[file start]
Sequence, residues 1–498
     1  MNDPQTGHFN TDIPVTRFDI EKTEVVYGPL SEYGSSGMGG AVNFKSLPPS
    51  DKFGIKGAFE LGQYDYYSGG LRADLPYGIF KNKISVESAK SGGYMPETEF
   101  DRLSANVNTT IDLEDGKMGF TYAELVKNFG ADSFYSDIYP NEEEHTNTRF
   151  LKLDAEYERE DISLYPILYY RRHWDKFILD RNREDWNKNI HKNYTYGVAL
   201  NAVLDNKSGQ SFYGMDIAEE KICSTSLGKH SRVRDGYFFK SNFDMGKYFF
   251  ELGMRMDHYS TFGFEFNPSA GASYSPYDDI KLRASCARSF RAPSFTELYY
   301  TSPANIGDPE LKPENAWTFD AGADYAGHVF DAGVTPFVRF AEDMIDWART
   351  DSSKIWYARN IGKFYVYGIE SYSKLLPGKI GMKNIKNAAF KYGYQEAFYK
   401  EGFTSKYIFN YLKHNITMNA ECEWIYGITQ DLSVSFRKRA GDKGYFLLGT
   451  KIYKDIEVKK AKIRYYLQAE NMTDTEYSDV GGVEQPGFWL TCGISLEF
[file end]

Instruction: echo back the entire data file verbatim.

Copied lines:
Sequence, residues 1–498
     1  MNDPQTGHFN TDIPVTRFDI EKTEVVYGPL SEYGSSGMGG AVNFKSLPPS
    51  DKFGIKGAFE LGQYDYYSGG LRADLPYGIF KNKISVESAK SGGYMPETEF
   101  DRLSANVNTT IDLEDGKMGF TYAELVKNFG ADSFYSDIYP NEEEHTNTRF
   151  LKLDAEYERE DISLYPILYY RRHWDKFILD RNREDWNKNI HKNYTYGVAL
   201  NAVLDNKSGQ SFYGMDIAEE KICSTSLGKH SRVRDGYFFK SNFDMGKYFF
   251  ELGMRMDHYS TFGFEFNPSA GASYSPYDDI KLRASCARSF RAPSFTELYY
   301  TSPANIGDPE LKPENAWTFD AGADYAGHVF DAGVTPFVRF AEDMIDWART
   351  DSSKIWYARN IGKFYVYGIE SYSKLLPGKI GMKNIKNAAF KYGYQEAFYK
   401  EGFTSKYIFN YLKHNITMNA ECEWIYGITQ DLSVSFRKRA GDKGYFLLGT
   451  KIYKDIEVKK AKIRYYLQAE NMTDTEYSDV GGVEQPGFWL TCGISLEF